See the image below. My .gitignore file should be ignoring all files in src/dist, but isn't.

enter image description here


14 Answers 14


.gitignore only ignores files that are not part of the repository yet. If you already git added some files, their changes will still be tracked. To remove those files from your repository (but not from your file system) use git rm --cached on them.

  • 101
    git rm --cached file_name.ext wroks fine for me to update gitignore for one file. thanks.
    – sybozz
    Nov 21, 2019 at 6:31
  • 11
    I did this, but GitHub still wants to track and add them.
    – Netside
    Jul 1, 2020 at 2:36
  • 19
    git rm -r --cached folder to recursively remove the cache on a folder Sep 26, 2020 at 15:42
  • Ignoring the files didn't work for me but I ignored the dist folder like Pablo mentioned and it worked beautifully!
    – Mahsa
    Oct 30, 2020 at 16:36
  • @sybozz and with the beauty of bash pattern globbing (using the * character) it works for lots of files too.
    – Lorenzo
    Nov 17, 2020 at 4:07

The .gitignore file ensures that files not tracked by Git remain untracked.

Just adding folders/files to a .gitignore file will not untrack them -- they will remain tracked by Git.

To untrack files, it is necessary to remove from the repository the tracked files listed in .gitignore file. Then re-add them and commit your changes.

The easiest, most thorough way to do this is to remove and cache all files in the repository, then add them all back. All folders/files listed in .gitignore file will not be tracked. From the top folder in the repository run the following commands:

git rm -r --cached .
git add .

Then commit your changes:

git commit -m "Untrack files in .gitignore"

Please note that any previous commits with the unwanted files will remain in the commit history. When pushing to GitHub be aware of a commit history that might contain .env or client_secret.json files.

Best practice is to create a .gitignore file and populate it with the folders/files you do not want tracked when starting a project. However, often it is necessary to add to the .gitignore file after realising that unwanted files are being tracked and stored.

  • 3
    thank you for the answer. This really helped. Don't forget to push the repo up to git either
    – Chris Reed
    Apr 24, 2020 at 13:15
  • 1
    After using git rm -r --cached . rolling back all changes also works to re-add all of the files that should not be excluded with .gitignore. Aug 5, 2020 at 17:51
  • 5
    This should be marked as the correct answer Apr 18, 2021 at 19:37
  • 2
    This is the more complete answer Oct 1, 2021 at 14:02
  • 3
    This should be marked as the correct answer
    – Taha Ali
    Dec 27, 2021 at 12:08

You can use this,

git rm -r --cached ./node_modules

if you want to ignore node_modules, for example


gitignore ignores only untracked files. Your files are marked as modified - meaning they were committed in the past, and git now tracks them.

To ignore them, you first need to delete them, git rm them, commit and then ignore them.


first check the .gitignore encoding.
make sure the encoding id utf-8.
then untracked unwanted file by using git rm --cached filename now your problem fixed 😁

  • 3
    The file reencoding did it for me.
    – cesarv
    Sep 20, 2022 at 21:53
  • +1 ... Created my .gitignore via 'touch' in MINGW64 shell and didn't notice that the encoding was NOT utf-8 (had .gitignore already open in Notepad++ so checking and changing encoding was easy). Wish I had googled earlier.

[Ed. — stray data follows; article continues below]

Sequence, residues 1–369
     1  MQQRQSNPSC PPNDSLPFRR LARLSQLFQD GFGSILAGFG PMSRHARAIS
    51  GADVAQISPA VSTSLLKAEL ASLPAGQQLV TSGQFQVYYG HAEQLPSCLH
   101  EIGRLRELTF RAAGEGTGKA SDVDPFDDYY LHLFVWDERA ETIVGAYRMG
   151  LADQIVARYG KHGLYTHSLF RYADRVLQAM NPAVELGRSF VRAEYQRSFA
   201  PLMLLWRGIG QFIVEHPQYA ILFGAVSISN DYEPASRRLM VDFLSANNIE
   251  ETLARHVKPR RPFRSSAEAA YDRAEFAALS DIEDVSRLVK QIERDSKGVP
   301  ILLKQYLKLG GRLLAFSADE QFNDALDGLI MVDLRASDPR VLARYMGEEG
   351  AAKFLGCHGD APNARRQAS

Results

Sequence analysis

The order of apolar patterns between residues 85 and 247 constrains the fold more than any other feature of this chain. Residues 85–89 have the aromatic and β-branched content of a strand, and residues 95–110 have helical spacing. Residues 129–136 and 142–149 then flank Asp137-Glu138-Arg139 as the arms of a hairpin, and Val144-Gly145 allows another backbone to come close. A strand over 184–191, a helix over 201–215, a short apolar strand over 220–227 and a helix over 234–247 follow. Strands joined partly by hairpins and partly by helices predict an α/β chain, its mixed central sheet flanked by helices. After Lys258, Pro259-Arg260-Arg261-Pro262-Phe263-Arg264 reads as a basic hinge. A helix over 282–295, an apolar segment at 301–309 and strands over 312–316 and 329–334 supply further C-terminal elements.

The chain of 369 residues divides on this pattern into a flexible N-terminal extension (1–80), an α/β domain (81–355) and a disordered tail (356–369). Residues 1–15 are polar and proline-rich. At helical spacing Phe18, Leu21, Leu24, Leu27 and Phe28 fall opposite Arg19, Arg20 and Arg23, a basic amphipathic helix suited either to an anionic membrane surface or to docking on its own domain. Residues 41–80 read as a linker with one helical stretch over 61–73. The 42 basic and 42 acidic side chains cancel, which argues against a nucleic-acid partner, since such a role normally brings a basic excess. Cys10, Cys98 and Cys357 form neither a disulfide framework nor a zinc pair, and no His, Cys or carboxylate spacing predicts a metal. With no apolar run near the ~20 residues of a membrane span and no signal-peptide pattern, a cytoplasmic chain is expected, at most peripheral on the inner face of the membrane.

– Bruce Loth
    Oct 4, 2022 at 20:37
  • It removes the file completely from tracking, it might not work in case you still want to keep & track the file in a default state and ignore any further changes to it.
    – Sveatoslav
    Jan 23 at 1:37

Look at this : .gitignore is not working And particularly the remark from ADTC:

Make sure your .gitignore file uses ANSI or UTF-8 encoding. If it uses something else like Unicode BOM, it's possible that Git can't read the file. – ADTC Dec 14 '17 at 12:39


If you are using VS Code:

Check the .gitignore file's Encoding Type. Change it to UTF-8 if it is not. Select the Reopen with Encoding option to change the file encoding.

This worked for me!

enter image description here


Use this :

git update-index --assume-unchanged <filename>

For start tracking changes again run the following command:

git update-index --no-assume-unchanged <filename>

You can use these commands:

git rm -r --cached .
git add .
git commit -m "fixed untracked files" 
  • 1
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    – Community Bot
    Feb 8 at 5:31
  • Beware this "git rm -r --cached ." may make a lot of changes in stage !
    – augusticor
    Apr 4 at 15:50

For some of the files in my project I needed to use git filter-branch which is better explained in this answare.


Its better to create .gitignore file in starting and mentioning the files we want to be ignored. If you want to ignore some files then execute git rm -r --cached

  • 1
    Sometimes, we need a time machine ...
    – theking2
    Dec 27, 2021 at 15:56

I was facing the same issue and then I realized that I had not created the .gitignore file properly.

In my case for some reason I created a .gitignore.txt file. Git will still track the files in the .gitignore file even after you remove the '.txt'. extension and save it.

Try deleting your old file and creating a new .gitignore file by 'touch .gitignore' in terminal, which solved it for me.


If all of the above solutions didn't work, please try this.

The target files which you want to ignore should not be in staging area. Please double check it.


First delete the index.lock file from your git repo

rm -f .git/index.lock

and then add .gitignore

git add .gitignore
  • Can you please elobrate what these action does?
    – Zahid Khan
    Oct 10, 2021 at 8:05

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